Christian added about his character, yet one more impressive addition to his list of memorable screen performances. “He has made the right choices but he feels like he’s eating s**t nonstop. Ultimately, when he feels like he’s got nothing to lose, the impulses that he suppressed and restrained throughout his life, start to come out—for completely understandable reasons, to me. I can see myself in those positions. I don’t blame him.”
Life hasn’t been kind to Russell then. Does Christian feel that life in general is fair or unfair? “It depends what day you catch anybody on,” he replied. “There are moments when you simply have absolute joy. You can’t believe the gift that you have been given. There are other days where you just can’t believe how awful everything is.”
On costar Casey’s brother taking over the Batman role in Zack Snyder’s “Batman vs. Superman,” Christian commented, “Ben (Affleck) is a very accomplished actor and director. I am sure he will do a stellar job. There’s a reason that he was chosen for it.”
On what advice he would give Ben, who now has to wear the Batsuit, cowl, cape and all, Christian cracked, “[Make sure you are] able to piss by yourself. That’s my advice. And also to be able to turn your head. Beyond that, I am in no position to give anybody advice.”
Christian as Moses should be another interesting turn for the actor. He said that taking the roles of Jesus in the 1999 TV movie “Mary, Mother of Jesus” and Moses happened in “very different circumstances. [The] Jesus [role] came after I had finished playing Patrick Bateman in ‘American Psycho’ and my house was getting repossessed.” He quipped, “Jesus came to me and said, ‘If you play this role, then you can save your house.’ So I did. Now, I am in different circumstances with Ridley.”
Of playing Moses, he said, “It’s a fascinating story and a fascinating individual. Did he exist [or] not? The factual truths are as important to me as the emotional truths. It’s a very interesting piece to be making with a studio because the Bible isn’t for kids at all. So you have to find this balance of where you go. How can you tell your story in a way that’s absolutely truthful? It’s a tricky thing. I like working with Ridley so much.”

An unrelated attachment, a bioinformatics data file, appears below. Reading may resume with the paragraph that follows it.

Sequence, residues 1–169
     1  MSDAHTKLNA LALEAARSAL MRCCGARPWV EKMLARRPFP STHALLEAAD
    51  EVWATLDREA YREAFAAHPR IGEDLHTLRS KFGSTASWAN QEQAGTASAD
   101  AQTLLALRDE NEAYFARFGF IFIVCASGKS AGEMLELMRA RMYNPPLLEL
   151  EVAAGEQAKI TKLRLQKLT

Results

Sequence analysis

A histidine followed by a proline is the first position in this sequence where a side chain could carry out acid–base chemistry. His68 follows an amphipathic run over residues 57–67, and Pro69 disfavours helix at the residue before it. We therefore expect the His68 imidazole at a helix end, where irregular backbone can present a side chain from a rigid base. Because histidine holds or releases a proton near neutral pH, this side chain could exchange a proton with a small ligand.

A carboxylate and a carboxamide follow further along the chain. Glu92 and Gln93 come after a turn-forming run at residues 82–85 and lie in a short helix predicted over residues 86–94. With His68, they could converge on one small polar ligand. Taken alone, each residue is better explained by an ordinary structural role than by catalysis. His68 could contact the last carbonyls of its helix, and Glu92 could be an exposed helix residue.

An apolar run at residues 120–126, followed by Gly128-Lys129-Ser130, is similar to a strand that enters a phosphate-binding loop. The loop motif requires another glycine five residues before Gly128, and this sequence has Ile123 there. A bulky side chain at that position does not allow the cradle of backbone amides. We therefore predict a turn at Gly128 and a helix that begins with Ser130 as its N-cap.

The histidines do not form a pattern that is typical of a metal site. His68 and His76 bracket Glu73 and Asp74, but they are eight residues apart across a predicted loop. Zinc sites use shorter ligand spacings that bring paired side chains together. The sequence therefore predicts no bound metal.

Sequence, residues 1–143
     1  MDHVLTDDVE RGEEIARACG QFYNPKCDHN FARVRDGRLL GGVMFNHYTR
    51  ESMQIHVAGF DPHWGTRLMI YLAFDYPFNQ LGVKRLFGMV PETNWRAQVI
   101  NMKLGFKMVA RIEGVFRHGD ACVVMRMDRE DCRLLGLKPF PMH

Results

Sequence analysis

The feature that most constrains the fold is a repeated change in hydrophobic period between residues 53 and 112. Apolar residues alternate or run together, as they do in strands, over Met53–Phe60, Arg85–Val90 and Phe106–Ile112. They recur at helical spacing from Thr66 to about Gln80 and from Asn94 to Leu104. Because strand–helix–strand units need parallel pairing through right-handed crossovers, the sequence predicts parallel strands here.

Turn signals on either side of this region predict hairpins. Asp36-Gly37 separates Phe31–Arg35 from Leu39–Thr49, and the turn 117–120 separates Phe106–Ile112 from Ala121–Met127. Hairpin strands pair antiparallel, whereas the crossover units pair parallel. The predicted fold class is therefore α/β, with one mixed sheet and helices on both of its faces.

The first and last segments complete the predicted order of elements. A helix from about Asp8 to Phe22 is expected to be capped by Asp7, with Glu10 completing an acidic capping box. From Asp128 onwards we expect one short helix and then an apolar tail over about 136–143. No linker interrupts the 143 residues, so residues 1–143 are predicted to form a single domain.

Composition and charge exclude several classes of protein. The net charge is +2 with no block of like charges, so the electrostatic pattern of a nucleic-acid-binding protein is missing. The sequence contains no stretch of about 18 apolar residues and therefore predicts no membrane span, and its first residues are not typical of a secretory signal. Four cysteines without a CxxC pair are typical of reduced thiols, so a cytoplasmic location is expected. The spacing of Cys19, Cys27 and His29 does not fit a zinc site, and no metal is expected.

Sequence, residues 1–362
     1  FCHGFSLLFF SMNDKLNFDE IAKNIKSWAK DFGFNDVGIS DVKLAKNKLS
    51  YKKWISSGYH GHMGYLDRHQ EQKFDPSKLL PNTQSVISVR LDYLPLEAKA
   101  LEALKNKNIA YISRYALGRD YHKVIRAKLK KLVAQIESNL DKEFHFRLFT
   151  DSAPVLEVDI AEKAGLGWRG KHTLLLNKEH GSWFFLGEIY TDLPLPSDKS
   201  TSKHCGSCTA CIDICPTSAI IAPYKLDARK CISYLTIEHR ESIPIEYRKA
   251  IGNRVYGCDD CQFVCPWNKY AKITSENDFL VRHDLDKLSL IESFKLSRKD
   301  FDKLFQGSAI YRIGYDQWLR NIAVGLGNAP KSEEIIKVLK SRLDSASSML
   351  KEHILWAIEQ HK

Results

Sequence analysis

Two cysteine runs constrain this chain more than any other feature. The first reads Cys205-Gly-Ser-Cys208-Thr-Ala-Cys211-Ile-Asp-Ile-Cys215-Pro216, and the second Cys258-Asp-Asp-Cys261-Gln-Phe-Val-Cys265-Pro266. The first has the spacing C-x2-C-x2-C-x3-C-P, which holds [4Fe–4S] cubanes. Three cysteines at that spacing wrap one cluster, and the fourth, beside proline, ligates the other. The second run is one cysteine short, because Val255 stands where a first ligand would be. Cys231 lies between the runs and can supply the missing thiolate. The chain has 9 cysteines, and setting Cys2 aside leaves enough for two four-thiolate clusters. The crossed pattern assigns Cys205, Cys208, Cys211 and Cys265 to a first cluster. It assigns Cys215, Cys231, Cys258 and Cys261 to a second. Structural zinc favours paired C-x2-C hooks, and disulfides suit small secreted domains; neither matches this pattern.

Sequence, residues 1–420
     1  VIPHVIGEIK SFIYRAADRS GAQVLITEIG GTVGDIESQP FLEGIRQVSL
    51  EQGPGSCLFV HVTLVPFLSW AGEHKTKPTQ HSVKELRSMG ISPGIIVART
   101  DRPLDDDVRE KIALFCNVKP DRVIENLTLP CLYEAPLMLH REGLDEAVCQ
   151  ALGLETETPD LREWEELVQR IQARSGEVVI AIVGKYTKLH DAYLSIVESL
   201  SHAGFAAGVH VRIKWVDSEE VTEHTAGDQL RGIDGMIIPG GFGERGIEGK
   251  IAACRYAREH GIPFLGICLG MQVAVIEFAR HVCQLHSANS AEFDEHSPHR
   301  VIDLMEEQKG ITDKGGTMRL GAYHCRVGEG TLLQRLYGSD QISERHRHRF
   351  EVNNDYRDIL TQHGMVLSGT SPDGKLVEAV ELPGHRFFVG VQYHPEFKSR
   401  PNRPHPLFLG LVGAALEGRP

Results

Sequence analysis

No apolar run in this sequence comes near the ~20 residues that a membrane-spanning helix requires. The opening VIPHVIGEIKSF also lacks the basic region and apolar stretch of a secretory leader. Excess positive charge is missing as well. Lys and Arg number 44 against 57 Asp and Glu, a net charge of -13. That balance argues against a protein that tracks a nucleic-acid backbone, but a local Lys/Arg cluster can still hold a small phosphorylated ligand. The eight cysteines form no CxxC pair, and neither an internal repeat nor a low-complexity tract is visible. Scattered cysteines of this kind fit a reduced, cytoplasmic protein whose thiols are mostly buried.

He relished the move from sound stages in the United Kingdom to locations in Spain. “I prefer it so much more when we are on location. Studios, sound stages—I find it very tricky working in those environments. But once we get to locations, that’s where I feel at home.”
He celebrates a milestone in January. Does the former child actor think about turning 40 at all?
“No, but the fact that I had this accident where I smashed up my wrist and shoulder…” he answered. “This is all metal and everything now. I suddenly got a bloody herniated disc from stuff. I just like to go too fast on a motorcycle. Sometimes that goes wrong, doesn’t it? I am suddenly feeling all those ailments. I get up and hobble in the morning (laughs). But I ignore it. Actually, I am still the same dumbass I always was. I wish I had acquired some wisdom that I always imagined I would have at 40, but it seems to have eluded me so far.”
On whether his wife Sibi Blazic tries to change some of his habits, Christian remarked, “Oh yeah you have to, don’t you? I mean, some things you do willingly and for other things you are given an ultimatum. So you drink more whiskey.”
(E-mail the columnist at email@example.com. Follow him at http://twitter.com/nepalesruben.)